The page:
Really!? I thought we had put this one to bed. Do we still need to ask whether graphology is worth the paper it’s printed on??
First, the short answer...No.
Now for the longer answer...
According to advocates of graphology, it is possible to infer various characteristics such as personality and predicted job performance from a person’s handwriting. As a technique, it has long been argued to provide an accurate and reliable mechanism for selection and assessment.
Unfortunately for the movement, decades of scientific research have thoroughly debunked this claim. Several empirical studies in the mid-1980s (e.g. Ben-Shakar et al, 1986) all found that graphology revealed nothing about subsequent job performance. Decades of research going back to the 1960s (e.g. Reid, 1983) identified no correlation between the interpretations of graphologists and personality characteristics of the subject. In 2000, Anderson and Cunningham-Snell reported validity coefficients (i.e. the degree to which success in the tool predicts success in the job) of graphology as an accurate tool for selection to be zero. It simply doesn’t work.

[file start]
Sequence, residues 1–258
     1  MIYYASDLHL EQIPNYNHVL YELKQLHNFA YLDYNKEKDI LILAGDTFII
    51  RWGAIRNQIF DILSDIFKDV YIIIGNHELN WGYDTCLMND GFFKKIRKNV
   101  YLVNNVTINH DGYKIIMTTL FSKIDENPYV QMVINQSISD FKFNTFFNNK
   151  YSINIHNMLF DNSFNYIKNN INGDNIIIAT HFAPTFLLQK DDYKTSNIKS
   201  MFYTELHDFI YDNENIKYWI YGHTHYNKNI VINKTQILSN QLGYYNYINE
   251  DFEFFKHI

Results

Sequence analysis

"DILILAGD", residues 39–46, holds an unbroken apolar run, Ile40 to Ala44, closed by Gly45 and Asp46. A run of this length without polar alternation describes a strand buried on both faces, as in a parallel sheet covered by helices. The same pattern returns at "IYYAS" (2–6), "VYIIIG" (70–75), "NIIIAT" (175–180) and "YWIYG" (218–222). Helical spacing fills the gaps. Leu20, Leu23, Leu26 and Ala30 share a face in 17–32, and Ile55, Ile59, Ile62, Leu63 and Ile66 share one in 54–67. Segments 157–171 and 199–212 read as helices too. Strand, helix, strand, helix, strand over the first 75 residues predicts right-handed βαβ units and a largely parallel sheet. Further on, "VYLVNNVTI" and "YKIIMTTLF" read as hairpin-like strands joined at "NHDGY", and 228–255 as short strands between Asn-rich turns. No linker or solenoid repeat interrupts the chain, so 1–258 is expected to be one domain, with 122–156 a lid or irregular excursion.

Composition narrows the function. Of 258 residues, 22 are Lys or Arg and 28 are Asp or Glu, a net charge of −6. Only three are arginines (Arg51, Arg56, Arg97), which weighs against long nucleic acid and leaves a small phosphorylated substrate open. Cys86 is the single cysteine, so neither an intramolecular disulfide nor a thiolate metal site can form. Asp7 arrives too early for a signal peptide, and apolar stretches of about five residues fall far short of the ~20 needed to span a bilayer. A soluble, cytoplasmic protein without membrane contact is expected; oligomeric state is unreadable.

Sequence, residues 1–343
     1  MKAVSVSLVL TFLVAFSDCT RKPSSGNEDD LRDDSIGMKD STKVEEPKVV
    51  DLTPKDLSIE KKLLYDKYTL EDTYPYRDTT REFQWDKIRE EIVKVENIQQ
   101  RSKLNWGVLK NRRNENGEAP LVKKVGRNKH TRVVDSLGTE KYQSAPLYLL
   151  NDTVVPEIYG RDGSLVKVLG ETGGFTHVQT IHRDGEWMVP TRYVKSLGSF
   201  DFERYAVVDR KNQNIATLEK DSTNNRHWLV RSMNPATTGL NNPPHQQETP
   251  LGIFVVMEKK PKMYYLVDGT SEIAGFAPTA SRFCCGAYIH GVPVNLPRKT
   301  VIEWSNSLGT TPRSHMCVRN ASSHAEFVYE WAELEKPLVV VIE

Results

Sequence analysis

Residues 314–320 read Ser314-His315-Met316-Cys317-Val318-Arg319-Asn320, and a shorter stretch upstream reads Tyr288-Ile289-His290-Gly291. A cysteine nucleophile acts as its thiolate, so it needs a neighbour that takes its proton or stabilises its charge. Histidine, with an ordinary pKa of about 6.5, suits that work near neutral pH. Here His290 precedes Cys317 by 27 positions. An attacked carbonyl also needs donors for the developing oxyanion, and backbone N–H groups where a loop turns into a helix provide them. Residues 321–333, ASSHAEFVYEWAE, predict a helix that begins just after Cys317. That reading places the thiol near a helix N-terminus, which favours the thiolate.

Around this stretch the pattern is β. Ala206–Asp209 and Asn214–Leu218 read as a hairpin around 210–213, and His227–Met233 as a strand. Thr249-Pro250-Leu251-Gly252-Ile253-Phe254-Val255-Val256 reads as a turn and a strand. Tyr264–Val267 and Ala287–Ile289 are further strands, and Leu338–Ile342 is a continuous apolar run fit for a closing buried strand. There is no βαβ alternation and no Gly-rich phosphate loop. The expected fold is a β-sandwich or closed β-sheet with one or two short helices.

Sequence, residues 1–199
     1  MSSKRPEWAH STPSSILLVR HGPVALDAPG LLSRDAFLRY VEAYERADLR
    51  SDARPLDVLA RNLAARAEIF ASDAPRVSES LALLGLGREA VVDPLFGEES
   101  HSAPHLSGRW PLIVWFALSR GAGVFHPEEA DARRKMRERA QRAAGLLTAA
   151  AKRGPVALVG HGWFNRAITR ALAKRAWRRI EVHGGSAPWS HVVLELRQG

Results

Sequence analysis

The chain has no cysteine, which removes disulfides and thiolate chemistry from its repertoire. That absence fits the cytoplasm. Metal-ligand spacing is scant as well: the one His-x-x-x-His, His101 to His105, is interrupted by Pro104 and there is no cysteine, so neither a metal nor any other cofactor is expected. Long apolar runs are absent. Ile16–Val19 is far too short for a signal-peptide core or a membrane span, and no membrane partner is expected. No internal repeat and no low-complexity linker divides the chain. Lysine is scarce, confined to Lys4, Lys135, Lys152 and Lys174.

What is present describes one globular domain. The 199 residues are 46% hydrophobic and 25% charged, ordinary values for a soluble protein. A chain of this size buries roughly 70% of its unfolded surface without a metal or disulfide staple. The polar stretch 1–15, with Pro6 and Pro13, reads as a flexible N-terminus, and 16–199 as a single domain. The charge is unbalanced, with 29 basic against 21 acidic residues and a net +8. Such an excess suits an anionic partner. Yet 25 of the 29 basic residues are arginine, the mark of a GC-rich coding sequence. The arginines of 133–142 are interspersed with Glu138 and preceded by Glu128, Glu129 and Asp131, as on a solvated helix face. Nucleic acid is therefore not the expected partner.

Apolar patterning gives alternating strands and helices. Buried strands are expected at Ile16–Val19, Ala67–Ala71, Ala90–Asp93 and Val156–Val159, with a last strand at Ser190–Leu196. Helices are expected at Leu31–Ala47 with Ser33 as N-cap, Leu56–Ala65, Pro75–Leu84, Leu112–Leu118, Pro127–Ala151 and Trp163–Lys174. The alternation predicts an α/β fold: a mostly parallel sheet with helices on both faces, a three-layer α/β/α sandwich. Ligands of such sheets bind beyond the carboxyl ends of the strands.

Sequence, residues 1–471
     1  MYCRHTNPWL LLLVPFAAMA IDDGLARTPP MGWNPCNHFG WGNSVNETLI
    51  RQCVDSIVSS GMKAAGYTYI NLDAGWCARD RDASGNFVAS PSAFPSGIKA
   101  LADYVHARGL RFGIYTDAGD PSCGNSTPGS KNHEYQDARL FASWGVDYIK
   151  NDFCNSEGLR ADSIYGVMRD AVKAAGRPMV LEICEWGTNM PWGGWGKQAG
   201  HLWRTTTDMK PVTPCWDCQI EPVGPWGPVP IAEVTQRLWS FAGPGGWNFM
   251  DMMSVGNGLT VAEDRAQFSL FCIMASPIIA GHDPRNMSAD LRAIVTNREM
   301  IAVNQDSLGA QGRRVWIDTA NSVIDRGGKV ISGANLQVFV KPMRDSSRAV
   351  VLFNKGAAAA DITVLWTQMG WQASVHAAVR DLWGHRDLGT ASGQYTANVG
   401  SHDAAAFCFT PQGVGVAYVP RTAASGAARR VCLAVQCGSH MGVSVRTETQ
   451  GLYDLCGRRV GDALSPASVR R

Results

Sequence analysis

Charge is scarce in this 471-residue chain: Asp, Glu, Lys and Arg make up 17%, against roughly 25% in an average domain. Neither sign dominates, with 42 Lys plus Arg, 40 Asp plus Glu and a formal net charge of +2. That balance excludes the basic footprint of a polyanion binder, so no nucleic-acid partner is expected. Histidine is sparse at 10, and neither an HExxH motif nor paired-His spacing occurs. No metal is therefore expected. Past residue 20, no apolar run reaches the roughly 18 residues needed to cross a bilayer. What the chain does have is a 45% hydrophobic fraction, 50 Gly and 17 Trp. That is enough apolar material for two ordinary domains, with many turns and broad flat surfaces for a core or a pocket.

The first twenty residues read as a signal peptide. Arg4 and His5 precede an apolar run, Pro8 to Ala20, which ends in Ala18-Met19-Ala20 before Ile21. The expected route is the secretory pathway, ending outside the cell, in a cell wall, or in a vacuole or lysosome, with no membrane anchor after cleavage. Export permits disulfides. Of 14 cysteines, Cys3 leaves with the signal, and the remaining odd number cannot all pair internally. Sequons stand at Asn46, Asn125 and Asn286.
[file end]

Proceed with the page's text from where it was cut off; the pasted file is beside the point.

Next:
Interestingly however, its popularity dogmatically persists despite clear evidence that it simply doesn’t work. In France for example, graphology is very popular with up to 52% of companies using it at some point during the selection process (Smith and Abrahamson, 1992). It is this popularity that graphologists use as proof of its efficacy. However, just because people like something doesn’t mean it has any true value.